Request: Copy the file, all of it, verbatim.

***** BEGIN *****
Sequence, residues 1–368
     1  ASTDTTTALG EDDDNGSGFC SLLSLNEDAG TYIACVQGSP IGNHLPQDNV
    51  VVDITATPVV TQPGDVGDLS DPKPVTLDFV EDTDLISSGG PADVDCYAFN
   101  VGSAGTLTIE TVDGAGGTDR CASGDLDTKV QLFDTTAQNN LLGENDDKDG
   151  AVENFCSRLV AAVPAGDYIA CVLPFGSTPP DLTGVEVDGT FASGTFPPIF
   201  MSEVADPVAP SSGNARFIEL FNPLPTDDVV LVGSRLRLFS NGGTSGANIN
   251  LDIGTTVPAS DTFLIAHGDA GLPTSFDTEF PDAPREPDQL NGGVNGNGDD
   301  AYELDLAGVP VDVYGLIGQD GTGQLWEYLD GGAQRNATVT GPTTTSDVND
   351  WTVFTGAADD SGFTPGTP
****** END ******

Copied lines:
Sequence, residues 1–368
     1  ASTDTTTALG EDDDNGSGFC SLLSLNEDAG TYIACVQGSP IGNHLPQDNV
    51  VVDITATPVV TQPGDVGDLS DPKPVTLDFV EDTDLISSGG PADVDCYAFN
   101  VGSAGTLTIE TVDGAGGTDR CASGDLDTKV QLFDTTAQNN LLGENDDKDG
   151  AVENFCSRLV AAVPAGDYIA CVLPFGSTPP DLTGVEVDGT FASGTFPPIF
   201  MSEVADPVAP SSGNARFIEL FNPLPTDDVV LVGSRLRLFS NGGTSGANIN
   251  LDIGTTVPAS DTFLIAHGDA GLPTSFDTEF PDAPREPDQL NGGVNGNGDD
   301  AYELDLAGVP VDVYGLIGQD GTGQLWEYLD GGAQRNATVT GPTTTSDVND
   351  WTVFTGAADD SGFTPGTP